Since 1949, May has been designated as Mental Health Awareness Month to raise the nation's awareness and educate the public about mental illness. However, being aware of and addressing the adverse effects of stress, anxiety, depression, and COVID-19 on mental and behavioral health are an ongoing process that we should recognize each day.
Former First Lady Michelle Obama once said, “At the root of the dilemma is the way we view mental health in this country. Whether an illness affects your heart, your leg, or your brain, it is still an illness and there should be no distinction.” Recognizing mental health entails the individual acknowledging it and seeking help, society not stigmatizing those suffering from mental and behavioral disorders, and the nation providing adequate resources and personnel to address the problem. ACP has been championing the need for the country to address mental health issues that have escalated during the COVID-19 pandemic, provide adequate resources for treatment, and improve compliance with laws on mental health parity.
In general, during election years little gets done unless it's related to spending bills. However, there has been bipartisan support in Congress to discuss mental health issues during and following the pandemic and to pass mental health legislation. ACP applauded the passage of the bipartisan Dr. Lorna Breen Health Care Provider Protection Act, H.R. 1667, signed into law on March 18. The law helps prevent and reduce incidence of suicide, mental health conditions, substance use disorders (SUDs), and long-term stress through grants, education, and awareness campaigns that will help reduce stigma and identify health care clinicians seeking assistance.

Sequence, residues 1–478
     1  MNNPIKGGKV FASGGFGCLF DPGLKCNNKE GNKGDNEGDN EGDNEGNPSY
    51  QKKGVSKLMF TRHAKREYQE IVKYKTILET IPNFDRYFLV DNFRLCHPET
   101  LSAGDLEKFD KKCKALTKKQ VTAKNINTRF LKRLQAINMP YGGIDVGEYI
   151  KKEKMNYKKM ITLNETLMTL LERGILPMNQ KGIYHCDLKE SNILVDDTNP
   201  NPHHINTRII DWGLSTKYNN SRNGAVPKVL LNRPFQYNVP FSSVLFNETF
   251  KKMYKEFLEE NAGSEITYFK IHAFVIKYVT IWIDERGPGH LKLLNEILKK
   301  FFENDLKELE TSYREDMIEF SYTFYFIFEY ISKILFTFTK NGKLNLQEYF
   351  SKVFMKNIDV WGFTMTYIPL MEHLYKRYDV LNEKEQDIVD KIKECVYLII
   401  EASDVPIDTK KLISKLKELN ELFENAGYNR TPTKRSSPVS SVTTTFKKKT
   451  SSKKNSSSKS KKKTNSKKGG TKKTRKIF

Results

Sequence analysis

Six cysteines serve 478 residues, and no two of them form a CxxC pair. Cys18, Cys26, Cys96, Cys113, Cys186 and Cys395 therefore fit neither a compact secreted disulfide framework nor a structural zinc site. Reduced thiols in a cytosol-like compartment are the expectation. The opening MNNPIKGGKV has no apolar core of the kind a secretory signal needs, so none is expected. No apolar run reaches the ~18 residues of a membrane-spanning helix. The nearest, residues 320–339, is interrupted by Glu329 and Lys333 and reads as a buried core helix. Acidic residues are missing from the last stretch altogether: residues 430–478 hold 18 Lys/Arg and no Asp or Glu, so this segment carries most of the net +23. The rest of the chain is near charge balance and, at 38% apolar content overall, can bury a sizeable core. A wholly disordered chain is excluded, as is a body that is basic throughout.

Several congressional committees, including the House Ways and Means Committee and the Senate Health, Education, Labor, and Pensions (HELP) Committee, have held hearings to address the state of mental health in America. These hearings are a first step in getting mental health legislation heard and passed. The Ways and Means hearing focused on the growing crisis and stigma of Americans talking about mental health problems, how COVID-19 increased the number of people expressing symptoms of anxiety and depressive disorder, and how the pandemic has affected the mental health of health care clinicians.
The HELP Committee hearing focused on the need to address the mental health and SUD crises that have been worsened by the COVID-19 pandemic, as well as the mental health crisis among youth and the growing challenges to getting care to communities of color, tribal communities, and people with disabilities. A common theme of both hearings was that additional resources are needed to combat depression and substance use. In our statements to these committees, ACP advocated for policies that would reduce the mental strain on physicians due to the pandemic, promote the integration of primary and behavioral health, expand the physician workforce and patient access to telehealth services, and improve oversight and enforcement of mental health parity laws.
ACP supports the integration of behavioral health care into primary care and encourages our members to address behavioral health issues within the limits of their competencies and resources. We urged Congress to pass legislation, H.R. 5218, the Collaborate in an Orderly and Cohesive Manner Act, that would provide grants through the Department of Health and Human Services to primary care physicians who choose to deliver behavioral health care through the Collaborative Care Model. This model, which allows patients to receive behavioral health care through their primary care doctor working collaboratively with a psychiatric consultant and a care manager to manage the clinical care of behavioral health patient caseloads, is one of several approaches and models for integrating effective care.